INRICH Member Profile Card
Karolinska Institutet Division of Global
Lucie Laflamme has a PhD in Industrial Relations from Laval University, Quebec, Canada.
She is currently the Head of the Department of Public Health Sciences. She has been part of various national, European and international task forces on injury prevention, including as temporary advisor for the WHO at many occasions. She has extensively published on social inequalities in injuries in childhood and youth. She is vice-president of the EUPHA section on Injury Control and Safety Promotion.
Type of member: Regular
Email Address: Lucie.Laflamme@ki.se
Mailing Address: Karolinska Institutet, Department of Public Health Sciences, Widerströmska Huset, Tomtebodavägen 18 A, SE 171 77 Stockholm, Sweden
Current research interests
M-Health in emergency care (among others for children). Project: M-Health for burn diagnostics and care in South Africa. Knowledge-based partnerships. Intervention in resource poor settings in the Western Cape Province in South Africa. Multidisciplinary project.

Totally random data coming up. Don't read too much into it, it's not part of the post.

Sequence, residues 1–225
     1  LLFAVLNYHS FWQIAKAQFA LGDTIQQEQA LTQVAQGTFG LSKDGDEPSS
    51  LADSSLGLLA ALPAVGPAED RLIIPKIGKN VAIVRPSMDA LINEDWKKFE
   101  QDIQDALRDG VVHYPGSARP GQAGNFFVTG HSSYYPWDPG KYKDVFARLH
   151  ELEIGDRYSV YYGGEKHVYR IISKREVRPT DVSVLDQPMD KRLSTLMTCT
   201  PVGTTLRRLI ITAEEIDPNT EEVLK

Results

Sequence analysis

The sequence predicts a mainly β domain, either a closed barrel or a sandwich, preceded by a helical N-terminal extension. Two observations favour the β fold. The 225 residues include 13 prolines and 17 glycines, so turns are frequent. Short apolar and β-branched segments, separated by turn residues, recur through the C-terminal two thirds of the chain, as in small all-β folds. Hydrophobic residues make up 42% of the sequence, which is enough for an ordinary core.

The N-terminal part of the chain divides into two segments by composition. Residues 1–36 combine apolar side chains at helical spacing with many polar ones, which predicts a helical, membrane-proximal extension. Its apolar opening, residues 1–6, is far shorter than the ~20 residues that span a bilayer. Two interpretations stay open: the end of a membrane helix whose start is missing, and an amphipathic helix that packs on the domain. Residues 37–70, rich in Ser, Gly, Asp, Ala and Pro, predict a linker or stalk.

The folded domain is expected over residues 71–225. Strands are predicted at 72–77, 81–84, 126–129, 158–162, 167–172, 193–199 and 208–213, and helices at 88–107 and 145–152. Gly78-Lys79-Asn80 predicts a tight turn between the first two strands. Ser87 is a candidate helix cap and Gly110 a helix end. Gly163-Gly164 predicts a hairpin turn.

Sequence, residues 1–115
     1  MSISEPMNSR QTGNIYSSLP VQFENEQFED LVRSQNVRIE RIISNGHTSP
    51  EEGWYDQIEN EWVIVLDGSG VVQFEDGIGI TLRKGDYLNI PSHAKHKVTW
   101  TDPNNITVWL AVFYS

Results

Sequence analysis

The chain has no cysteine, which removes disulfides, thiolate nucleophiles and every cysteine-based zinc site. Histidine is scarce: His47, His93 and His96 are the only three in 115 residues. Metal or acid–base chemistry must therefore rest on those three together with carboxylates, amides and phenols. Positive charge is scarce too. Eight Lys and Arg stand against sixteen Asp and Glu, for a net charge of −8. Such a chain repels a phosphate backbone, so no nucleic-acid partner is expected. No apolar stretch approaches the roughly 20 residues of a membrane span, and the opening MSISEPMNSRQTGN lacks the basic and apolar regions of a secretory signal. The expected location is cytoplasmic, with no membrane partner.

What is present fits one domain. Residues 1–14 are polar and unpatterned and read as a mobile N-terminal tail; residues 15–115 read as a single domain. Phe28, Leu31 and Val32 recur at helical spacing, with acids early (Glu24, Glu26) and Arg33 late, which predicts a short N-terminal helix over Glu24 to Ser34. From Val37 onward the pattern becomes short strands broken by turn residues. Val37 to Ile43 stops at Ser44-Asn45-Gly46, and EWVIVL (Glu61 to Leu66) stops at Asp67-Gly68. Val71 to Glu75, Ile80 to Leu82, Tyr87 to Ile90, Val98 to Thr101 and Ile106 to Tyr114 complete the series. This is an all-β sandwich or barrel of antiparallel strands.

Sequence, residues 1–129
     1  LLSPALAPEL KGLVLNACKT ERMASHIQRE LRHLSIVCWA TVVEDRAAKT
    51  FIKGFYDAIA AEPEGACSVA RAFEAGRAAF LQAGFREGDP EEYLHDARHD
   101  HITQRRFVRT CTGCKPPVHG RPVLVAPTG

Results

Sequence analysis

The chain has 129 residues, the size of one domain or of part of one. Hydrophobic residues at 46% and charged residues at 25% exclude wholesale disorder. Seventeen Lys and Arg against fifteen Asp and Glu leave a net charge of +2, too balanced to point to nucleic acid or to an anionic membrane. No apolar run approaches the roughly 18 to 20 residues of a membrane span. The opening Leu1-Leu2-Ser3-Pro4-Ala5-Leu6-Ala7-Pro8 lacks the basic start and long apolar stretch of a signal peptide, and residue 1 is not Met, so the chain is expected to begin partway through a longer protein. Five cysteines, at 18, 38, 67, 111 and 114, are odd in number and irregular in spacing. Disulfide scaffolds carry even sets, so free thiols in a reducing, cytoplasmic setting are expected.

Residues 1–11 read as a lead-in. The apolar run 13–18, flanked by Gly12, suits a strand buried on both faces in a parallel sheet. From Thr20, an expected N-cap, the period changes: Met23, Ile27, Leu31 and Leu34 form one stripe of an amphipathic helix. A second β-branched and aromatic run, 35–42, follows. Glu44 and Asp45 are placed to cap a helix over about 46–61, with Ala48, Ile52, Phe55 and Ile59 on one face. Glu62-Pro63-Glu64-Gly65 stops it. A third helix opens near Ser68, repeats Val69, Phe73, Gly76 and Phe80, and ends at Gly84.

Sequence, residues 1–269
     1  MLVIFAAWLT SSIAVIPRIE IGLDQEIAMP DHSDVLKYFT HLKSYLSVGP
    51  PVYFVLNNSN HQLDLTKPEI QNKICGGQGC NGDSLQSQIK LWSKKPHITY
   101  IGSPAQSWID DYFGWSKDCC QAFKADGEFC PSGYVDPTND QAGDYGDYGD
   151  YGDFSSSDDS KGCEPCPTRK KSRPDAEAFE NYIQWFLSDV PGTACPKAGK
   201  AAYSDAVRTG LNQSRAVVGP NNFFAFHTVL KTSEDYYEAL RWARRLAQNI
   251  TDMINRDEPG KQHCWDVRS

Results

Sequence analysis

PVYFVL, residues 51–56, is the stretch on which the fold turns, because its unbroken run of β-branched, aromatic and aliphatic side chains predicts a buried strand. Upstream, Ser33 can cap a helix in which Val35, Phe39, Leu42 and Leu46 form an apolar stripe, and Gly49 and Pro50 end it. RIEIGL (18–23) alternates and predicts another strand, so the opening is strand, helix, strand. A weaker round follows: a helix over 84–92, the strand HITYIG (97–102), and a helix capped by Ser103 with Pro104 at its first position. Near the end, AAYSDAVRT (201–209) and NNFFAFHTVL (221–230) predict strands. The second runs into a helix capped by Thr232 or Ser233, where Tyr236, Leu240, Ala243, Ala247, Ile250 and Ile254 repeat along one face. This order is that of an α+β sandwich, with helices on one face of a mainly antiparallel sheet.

Medication and injuries. Health condition and unintentional injuries.
Road traffic injuries in children and youth - social differences : Many studies in this area over the years, both in high and low and middle income countries.
Pathways and mechanisms: Cumulative and additive social risk exposures (e.g. transient v. persistent poverty). | Methodological issues: Need to study social gradients as well as poverty. Regional studies (within countries). | Other:
Health in emergency care in resource poor settings to reduce differential consequences of injuries
Sengoelge, M., Elling, B., Laflamme, L., & Hasselberg, M. (2013). Country-level economic disparity and child mortality related to housing and injuries: a study in 26 European countries. Injury Prevention, 19(5), 311-315. doi:10.1136/injuryprev-2012-040624
Sengoelge, M., Hasselberg, M., Ormandy, D., & Laflamme, L. (2013). Housing, income inequality and child injury mortality in Europe: a cross-sectional study. Child: Care, Health and Development, 40(2), 283-291. doi:10.1111/cch.12027